The »ultimate rave« is coming to an end. Of course, in this case it is not a techno party, but the so-called RAdial Velocity Experiment, the largest spectroscopic survey of the southern hemisphere. The international RAVE collaboration has now presented the results in its sixth and final data publication in the specialist journal “The Astronomical Journal”. The project has successfully measured the temperatures, compositions, velocities and distances for many different types of stars, thus providing a complete picture of their motion and the chemical composition of our Milky Way.

To do this, RAVE observed the sky on almost every clear night between 2003 and 2013 with the 1.2-meter Schmidt telescope at the Anglo-Australian Observatory in Siding Spring, Australia. In total, RAVE recorded more than half a million spectra of around 450,000 Milky Way stars, which are approximately in a volume with a diameter of 15,000 light years. Before that, the largest spectroscopic survey had only included about 14,000 objects.


© AIP / K. Riebe, RAVE collaboration; Milky Way picture (background): R. Hurt (SSC); NASA / JPL-Caltech (detail)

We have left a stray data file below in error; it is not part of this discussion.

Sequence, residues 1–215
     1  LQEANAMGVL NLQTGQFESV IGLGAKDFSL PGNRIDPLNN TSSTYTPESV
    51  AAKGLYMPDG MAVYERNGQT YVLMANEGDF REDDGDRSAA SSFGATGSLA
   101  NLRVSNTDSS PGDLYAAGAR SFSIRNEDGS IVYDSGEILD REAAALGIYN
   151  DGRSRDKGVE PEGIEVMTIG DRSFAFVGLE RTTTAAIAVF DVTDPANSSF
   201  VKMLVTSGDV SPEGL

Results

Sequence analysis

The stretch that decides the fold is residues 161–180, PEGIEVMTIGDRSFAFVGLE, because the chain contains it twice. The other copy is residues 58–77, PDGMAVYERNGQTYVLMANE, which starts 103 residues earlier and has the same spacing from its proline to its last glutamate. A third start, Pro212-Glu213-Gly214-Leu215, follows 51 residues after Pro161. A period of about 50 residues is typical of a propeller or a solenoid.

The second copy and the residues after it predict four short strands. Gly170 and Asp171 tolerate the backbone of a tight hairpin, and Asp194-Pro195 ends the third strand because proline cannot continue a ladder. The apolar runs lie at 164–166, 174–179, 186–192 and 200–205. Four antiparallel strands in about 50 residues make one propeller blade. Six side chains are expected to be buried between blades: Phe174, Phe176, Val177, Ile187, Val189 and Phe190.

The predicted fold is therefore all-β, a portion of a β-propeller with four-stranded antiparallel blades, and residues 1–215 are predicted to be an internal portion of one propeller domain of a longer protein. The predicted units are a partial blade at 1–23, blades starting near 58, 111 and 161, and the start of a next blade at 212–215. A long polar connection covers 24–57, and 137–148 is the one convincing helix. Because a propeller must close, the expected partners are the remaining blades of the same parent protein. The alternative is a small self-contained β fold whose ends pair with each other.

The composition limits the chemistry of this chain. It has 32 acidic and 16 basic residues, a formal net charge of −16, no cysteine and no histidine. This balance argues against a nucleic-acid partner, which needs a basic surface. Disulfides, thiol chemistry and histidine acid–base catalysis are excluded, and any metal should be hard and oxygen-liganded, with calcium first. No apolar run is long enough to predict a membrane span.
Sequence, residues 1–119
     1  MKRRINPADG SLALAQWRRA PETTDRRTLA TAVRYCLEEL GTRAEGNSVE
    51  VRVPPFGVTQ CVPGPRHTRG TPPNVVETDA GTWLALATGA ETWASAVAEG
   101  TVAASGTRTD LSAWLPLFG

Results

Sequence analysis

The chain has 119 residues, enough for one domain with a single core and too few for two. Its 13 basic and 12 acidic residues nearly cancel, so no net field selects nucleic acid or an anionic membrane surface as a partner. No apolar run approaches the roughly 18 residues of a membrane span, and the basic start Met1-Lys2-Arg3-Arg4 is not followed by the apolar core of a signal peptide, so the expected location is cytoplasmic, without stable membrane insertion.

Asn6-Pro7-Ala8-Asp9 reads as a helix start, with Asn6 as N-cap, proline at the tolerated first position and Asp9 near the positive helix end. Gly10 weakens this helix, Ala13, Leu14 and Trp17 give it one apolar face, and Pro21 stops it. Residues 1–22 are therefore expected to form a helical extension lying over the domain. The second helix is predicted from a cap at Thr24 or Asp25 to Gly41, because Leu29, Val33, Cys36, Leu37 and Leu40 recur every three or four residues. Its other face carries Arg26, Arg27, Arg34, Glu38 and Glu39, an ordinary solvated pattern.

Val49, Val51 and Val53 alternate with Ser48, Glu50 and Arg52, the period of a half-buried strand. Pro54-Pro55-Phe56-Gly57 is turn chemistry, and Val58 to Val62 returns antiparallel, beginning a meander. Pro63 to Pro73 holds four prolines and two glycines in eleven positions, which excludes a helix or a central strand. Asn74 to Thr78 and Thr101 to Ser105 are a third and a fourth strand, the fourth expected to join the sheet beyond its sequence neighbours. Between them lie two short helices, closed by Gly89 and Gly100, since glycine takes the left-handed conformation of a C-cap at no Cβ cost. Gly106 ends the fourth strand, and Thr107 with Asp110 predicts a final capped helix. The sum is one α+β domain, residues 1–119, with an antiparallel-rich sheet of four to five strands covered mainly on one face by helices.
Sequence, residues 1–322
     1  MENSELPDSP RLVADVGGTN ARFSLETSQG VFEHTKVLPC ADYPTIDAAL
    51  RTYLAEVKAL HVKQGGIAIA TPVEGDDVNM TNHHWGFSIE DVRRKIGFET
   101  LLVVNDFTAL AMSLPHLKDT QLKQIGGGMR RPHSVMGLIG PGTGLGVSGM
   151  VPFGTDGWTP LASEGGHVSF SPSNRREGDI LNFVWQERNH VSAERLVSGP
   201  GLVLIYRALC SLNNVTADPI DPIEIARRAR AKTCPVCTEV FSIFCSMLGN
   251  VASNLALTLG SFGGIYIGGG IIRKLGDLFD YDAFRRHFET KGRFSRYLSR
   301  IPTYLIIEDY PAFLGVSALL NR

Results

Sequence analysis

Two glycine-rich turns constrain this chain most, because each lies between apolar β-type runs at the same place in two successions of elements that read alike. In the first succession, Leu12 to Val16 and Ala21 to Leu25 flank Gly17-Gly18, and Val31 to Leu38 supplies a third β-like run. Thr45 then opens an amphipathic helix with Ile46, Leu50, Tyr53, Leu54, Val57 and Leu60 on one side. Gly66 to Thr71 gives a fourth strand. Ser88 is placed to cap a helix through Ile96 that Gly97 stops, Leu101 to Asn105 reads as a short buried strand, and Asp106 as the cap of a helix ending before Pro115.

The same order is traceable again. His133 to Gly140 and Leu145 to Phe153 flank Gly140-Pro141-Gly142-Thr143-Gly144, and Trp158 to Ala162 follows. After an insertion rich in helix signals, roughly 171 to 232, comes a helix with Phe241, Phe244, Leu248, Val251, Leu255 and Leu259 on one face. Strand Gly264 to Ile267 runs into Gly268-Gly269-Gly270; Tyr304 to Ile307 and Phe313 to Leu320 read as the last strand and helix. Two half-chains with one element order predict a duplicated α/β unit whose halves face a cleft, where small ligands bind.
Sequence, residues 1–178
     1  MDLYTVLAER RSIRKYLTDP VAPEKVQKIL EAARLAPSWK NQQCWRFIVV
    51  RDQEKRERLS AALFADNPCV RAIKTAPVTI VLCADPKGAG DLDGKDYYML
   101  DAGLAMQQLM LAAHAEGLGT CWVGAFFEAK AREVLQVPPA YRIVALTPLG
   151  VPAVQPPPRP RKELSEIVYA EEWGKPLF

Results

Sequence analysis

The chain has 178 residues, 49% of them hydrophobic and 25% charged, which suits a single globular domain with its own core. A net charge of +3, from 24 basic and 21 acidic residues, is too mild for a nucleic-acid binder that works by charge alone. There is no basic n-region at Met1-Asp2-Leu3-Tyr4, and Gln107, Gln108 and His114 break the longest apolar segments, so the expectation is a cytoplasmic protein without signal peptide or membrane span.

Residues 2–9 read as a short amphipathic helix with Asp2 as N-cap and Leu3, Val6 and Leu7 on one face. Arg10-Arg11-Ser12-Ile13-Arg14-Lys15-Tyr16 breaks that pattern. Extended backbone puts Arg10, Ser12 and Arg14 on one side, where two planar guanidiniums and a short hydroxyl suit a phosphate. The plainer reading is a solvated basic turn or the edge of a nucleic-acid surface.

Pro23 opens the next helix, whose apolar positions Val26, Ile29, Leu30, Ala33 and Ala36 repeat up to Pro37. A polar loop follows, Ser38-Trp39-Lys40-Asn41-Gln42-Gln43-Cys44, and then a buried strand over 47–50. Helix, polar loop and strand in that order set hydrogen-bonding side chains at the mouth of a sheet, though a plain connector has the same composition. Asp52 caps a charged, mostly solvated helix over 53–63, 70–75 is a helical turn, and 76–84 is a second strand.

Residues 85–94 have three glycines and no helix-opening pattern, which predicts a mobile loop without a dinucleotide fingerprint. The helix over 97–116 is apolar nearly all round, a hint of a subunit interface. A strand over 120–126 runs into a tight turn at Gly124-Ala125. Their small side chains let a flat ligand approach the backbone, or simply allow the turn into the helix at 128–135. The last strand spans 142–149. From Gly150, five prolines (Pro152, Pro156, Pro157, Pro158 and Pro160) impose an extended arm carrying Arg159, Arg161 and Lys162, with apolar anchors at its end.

Stars observed with RAVE | With RAVE, astronomers observed almost half a million stars in the Milky Way. The sun is at the center of the coordinate system. The colors represent radial speeds: moving stars are shown in red, approaching stars in blue.

A special fiber optic was used at RAVE, with which the spectra of up to 150 stars could be recorded at the same time. Spectroscopy breaks down the light into its individual color components. The spectrum of a star can be used to determine a number of properties, including its radial velocity or chemical composition.

With RAVE it was possible to show, among other things, that the Milky Way disk is constructed asymmetrically. The data could confirm that dark matter dominates the mass of our galaxy. In addition, the scientists identified star currents in the sun’s surroundings, the remains of torn-apart older dwarf galaxies that in the past have merged with our Milky Way. And the chemical composition of the observed stars provided information about the star formation and the development of the Milky Way.